How has it shaped you as a person and a player?
I think it’s helped me realise that when people say you can’t do things, you absolutely can do them if you believe in yourself and really want to give things a go!
I’ve always been a really big believer in following your dreams. I was told I could never play sports, let alone be a professional athlete. Hopefully my journey can prove to others that you can do whatever you set your mind to. And that’s what I really want people to take away from my experiences, and I’ll never stop telling people to follow their dreams.
You’ve definitely followed your dreams and now get to play football with some of the game’s best players. Is it true you spent most of your time at the last England camp ‘fangirling’?
I genuinely think I am the biggest fangirl in football!
When I am at camp, I tell people: “I know how many goals you’ve scored, who you’ve scored them against…” A couple of months ago I proved it in-person when I was able to tell Keira (Walsh) there and then when she made her England debut.
I got really excited when I got to go for a coffee with Jill (Scott)! And then I got to have even more chats with her and so many others at camp! You’ve got to love what you do, and I really respect those players as they’ve helped to make the game what it is today.
Who was one your biggest idols growing up?
I didn’t actually know alot about the women’s game growing up, so didn’t really have any female role models but as soon as I was in the England set-up, someone I really looked up to was Carly Telford.
Everything she’d been through, and the setbacks she’d experienced just made me really relate to her because I felt like our pathways, or journeys, were fairly similar. So whenever I was at camp I would always ask her questions if given half a chance to do so! I’d watch the way she did things and would try to copy her style. I loved her to bits, and she was so nice as well.
“I hope that the gap between clubs becomes smaller so that it’s more of an equal playing field across the league.”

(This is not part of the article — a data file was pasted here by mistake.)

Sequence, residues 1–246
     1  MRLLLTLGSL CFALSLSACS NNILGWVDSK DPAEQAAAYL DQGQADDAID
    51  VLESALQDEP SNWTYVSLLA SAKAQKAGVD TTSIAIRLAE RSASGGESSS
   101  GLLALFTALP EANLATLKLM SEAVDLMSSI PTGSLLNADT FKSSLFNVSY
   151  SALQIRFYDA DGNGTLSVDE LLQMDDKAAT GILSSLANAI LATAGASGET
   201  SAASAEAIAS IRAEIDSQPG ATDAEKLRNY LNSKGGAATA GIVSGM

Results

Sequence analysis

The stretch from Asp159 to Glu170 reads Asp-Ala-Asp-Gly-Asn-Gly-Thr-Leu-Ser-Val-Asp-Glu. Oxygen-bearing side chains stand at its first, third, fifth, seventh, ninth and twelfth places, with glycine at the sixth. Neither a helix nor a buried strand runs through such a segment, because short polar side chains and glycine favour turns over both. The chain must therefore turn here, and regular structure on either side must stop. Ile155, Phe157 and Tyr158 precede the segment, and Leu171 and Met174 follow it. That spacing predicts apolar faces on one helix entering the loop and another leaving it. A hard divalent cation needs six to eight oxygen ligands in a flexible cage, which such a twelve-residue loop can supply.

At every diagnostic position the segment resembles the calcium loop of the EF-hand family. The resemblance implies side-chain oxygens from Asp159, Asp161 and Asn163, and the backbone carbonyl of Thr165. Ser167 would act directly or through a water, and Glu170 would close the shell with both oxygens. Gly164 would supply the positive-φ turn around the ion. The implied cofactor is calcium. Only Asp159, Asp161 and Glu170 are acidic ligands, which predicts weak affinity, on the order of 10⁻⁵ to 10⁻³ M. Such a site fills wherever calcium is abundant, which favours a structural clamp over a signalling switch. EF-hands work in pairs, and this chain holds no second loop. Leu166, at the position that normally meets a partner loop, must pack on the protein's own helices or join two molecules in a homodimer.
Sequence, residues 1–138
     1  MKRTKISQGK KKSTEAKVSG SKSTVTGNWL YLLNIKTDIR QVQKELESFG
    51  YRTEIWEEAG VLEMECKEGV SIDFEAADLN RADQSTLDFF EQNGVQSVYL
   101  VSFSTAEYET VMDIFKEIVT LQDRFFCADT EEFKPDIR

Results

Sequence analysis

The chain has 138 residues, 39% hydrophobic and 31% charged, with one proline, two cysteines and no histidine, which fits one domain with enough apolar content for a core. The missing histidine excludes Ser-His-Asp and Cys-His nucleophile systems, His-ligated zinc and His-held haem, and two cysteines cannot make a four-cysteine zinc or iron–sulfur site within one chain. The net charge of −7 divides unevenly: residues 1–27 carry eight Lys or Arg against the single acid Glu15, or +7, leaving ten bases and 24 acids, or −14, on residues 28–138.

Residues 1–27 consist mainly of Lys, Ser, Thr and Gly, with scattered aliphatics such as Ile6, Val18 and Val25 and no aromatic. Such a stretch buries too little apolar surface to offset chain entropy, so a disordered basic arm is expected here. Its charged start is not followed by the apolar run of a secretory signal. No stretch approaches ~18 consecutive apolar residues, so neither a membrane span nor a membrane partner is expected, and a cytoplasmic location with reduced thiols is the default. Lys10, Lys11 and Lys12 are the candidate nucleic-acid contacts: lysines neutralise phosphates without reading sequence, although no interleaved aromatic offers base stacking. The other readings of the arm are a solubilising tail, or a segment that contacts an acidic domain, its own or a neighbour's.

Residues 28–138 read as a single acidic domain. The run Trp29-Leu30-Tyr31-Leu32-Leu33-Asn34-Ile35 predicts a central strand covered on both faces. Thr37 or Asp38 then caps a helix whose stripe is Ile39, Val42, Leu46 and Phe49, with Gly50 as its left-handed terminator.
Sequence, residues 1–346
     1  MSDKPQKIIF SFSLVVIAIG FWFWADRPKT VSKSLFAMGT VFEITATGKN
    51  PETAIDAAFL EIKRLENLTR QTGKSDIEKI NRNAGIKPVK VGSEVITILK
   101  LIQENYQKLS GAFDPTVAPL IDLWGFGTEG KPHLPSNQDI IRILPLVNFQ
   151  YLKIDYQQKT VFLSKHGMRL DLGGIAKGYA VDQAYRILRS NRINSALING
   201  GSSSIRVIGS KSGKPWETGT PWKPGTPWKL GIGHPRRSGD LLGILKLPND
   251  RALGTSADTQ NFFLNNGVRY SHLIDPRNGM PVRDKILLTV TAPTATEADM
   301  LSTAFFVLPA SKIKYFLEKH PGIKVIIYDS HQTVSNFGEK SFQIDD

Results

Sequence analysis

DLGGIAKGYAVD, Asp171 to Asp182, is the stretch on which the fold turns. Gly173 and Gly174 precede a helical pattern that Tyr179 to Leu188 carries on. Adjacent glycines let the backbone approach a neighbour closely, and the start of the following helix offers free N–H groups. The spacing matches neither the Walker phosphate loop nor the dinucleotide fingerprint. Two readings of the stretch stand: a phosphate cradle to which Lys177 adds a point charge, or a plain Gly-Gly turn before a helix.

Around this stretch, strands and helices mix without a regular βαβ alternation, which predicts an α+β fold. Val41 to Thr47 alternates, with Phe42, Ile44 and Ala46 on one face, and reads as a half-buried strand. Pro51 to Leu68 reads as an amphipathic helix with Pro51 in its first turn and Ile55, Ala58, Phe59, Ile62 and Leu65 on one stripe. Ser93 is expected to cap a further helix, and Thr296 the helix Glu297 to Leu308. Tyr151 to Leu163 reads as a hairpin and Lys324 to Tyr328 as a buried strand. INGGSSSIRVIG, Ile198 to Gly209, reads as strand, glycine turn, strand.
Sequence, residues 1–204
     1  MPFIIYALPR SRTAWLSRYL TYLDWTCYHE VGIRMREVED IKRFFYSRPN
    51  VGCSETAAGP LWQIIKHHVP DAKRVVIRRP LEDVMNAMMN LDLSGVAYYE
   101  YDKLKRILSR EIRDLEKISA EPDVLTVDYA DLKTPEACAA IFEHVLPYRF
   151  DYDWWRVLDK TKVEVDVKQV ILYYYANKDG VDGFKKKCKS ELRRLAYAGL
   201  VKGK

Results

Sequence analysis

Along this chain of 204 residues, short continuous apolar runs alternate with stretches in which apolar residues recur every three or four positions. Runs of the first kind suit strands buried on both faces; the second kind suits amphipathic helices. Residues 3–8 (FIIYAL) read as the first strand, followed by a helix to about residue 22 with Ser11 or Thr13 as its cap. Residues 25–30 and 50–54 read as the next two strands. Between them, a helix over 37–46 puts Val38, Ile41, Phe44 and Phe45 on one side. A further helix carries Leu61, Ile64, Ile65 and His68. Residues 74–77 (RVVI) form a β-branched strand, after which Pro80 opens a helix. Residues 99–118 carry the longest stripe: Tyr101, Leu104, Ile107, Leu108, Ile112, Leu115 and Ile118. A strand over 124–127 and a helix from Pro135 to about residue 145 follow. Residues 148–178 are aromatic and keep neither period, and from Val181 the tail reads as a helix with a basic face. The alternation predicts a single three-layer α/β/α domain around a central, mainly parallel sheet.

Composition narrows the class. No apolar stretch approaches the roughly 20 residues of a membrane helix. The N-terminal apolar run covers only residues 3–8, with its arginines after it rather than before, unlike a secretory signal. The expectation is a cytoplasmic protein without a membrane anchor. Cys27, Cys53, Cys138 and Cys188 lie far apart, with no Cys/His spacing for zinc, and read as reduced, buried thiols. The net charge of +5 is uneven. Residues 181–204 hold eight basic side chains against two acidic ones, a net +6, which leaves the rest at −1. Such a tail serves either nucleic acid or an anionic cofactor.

You got to play with Ann-Katrin Berger at Birmingham City as well, another fantastic keeper to learn from.
She is ridiculous! I am surprised she doesn’t have more caps for her national team. I am so surprised by that, because when we were at Birmingham I was actually starstruck by some of the things she could do. She really helped me to develop as a keeper.
She taught me a lot of little tricks you can learn in the game that helped me a lot. Sometimes as a keeper you can feel a little isolated from the rest of the team, so you try to make an effort to speak to the outfielders to try and learn their inside jokes, and be in on the chat in general really. Ann always made an effort to come over to me and ask how I was doing, and made sure I was settling into the first team environment alright. I don’t think she realises how much of an impact she’s had on me really. I am grateful for the support she gave me during that time.
For someone so young, you’ve worked with some unbelievable players and coaches!
I know. I have been really lucky with the people I’ve had the opportunity to work with in the women’s game.
It seems like you haven’t taken it for granted either?
No way, I don’t think you can. I think what’s really helped is being at a club where you don’t necessarily get a lot.
When you go away to an England camp, or you play with a club that’s considered to be a ‘step up’ for example, you don’t really consider all the little things and can sometimes take things for granted. I try really hard not to do that.
At the start of COVID – when I was at Birmingham City – we weren’t allowed to have access to the changing rooms so we had to put our boots and kit in the car. Our cars would absolutely stink! But at Villa, we were allowed to leave our boots and kit at the training ground. Just really small touches like that can sometimes make all the difference.
I think being at a club, where players didn’t always get a lot has definitely helped me to be more appreciative of things.
What do you hope for the future of women’s football off the back of that anecdote?
I hope that the gap between clubs becomes smaller so that it’s more of an equal playing field across the league.
Other than that, I just want the game to keep growing! I want more engagement from fans, more supporters in stadiums and I think with the home Euros this summer, the game will get a lot more exposure – I think our Old Trafford game has already sold out! It’s going to be great to play in an environment like that. I can’t wait to be a part of it.
Photography by Akira Trees.